Tottenham forward Son Heung-min will return to London next week after completing a three-week stint of national service in South Korea.
The 27-year-old has been serving with the Marine Corps on the island of Jeju, having been required by law to carry out his duty by his 28th birthday.
He was due to serve 21 months, but earned an exemption after being part of his national team which won the Asian Games in 2018 and, as a result, only had to complete three weeks.
Son was presented with an award after finishing in the top five for performance of new recruits and achieved a perfect record in shooting.
He will next fly back to the United Kingdom after the weekend where he must quarantine for two weeks as per British government guidelines.
His fortnight of self-isolation, his third separate lockdown since the coronavirus pandemic began, could impinge on a potential return to training.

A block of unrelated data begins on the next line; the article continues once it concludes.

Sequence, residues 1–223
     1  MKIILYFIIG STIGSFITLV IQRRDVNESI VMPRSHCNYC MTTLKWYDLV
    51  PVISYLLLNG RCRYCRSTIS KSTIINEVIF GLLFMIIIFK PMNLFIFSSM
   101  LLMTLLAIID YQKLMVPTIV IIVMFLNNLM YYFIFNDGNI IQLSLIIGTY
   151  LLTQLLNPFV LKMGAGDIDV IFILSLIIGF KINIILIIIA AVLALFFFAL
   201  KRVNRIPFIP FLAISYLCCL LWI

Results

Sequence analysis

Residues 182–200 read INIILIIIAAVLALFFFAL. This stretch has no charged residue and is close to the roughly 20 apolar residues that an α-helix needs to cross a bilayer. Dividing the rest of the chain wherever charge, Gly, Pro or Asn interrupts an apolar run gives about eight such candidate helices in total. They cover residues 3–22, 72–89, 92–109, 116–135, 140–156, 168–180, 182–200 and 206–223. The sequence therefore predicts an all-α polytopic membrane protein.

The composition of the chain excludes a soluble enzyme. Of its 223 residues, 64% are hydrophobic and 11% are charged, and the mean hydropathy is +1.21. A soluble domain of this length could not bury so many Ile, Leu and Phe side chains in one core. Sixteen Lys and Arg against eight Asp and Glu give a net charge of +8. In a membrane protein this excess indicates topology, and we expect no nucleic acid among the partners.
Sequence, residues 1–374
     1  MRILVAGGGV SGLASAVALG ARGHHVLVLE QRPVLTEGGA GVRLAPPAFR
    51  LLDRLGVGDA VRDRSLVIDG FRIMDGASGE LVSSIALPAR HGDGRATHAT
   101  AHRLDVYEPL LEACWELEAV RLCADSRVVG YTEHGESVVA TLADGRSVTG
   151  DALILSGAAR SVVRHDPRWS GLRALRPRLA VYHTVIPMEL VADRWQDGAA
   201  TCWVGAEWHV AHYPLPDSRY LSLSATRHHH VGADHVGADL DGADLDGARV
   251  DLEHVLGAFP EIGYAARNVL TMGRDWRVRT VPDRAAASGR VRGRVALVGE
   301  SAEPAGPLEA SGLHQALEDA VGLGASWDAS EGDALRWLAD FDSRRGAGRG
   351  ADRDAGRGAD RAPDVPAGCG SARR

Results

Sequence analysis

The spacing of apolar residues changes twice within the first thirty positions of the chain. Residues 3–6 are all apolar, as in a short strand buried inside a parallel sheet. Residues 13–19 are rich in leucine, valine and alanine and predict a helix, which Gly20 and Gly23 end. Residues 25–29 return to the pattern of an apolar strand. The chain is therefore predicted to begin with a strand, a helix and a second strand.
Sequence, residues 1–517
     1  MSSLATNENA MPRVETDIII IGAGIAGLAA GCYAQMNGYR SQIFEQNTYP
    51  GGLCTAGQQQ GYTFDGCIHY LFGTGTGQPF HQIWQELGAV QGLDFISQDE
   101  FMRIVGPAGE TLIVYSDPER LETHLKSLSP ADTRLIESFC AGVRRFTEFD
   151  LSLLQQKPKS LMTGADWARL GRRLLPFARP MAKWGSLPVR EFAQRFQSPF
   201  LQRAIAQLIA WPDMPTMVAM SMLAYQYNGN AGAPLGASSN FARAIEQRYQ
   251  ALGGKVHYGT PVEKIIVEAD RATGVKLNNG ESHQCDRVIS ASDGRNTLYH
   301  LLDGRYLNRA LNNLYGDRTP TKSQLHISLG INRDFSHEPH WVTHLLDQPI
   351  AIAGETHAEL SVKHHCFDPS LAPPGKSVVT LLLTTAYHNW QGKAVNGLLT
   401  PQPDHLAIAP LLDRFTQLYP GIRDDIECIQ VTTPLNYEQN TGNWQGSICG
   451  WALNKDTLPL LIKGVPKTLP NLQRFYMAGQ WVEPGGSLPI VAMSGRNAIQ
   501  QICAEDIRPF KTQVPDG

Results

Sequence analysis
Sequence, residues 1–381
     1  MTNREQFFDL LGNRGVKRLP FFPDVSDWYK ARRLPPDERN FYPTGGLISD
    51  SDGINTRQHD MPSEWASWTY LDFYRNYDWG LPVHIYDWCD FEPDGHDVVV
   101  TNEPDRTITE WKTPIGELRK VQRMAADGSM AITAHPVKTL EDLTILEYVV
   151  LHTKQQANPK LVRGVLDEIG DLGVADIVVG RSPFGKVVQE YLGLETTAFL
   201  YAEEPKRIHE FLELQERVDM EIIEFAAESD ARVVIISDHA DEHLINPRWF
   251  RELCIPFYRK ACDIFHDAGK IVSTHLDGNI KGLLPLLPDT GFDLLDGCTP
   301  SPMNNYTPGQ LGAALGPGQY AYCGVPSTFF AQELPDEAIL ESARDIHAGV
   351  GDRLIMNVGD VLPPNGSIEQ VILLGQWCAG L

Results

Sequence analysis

With the Premier League's Project Restart hoping to see the top-flight resume in early June, that could mean a return to group training later this month, which Son could miss.
However, the pandemic has had its benefits for Son, who was set to miss the rest of the season through injury had it not been suspended.
The South Korea international suffered a broken arm in February and returned home for an operation, with boss Jose Mourinho expecting him out for the rest of the campaign.
But once it was clear there was going to be a lengthy break, Son moved quickly to arrange his national service, bringing it forward from the summer.
Son's time in South Korea was not just a public relations exercise, as he was exposed to tear gas, went on lengthy hikes and was trained how to fire guns during his time on the island.
Meanwhile, Eric Dier has until 6pm on Friday to appeal against a Football Association charge of misconduct.
Dier has been sanctioned after climbing into the stands to break up a confrontation involving his brother and a Spurs supporter, following the FA Cup penalty-shootout defeat to Norwich in early March.
If found guilty, the England international faces a lengthy ban, with the FA citing that the incident is being treated as "non-standard", meaning the punishment will be decided by an independent panel.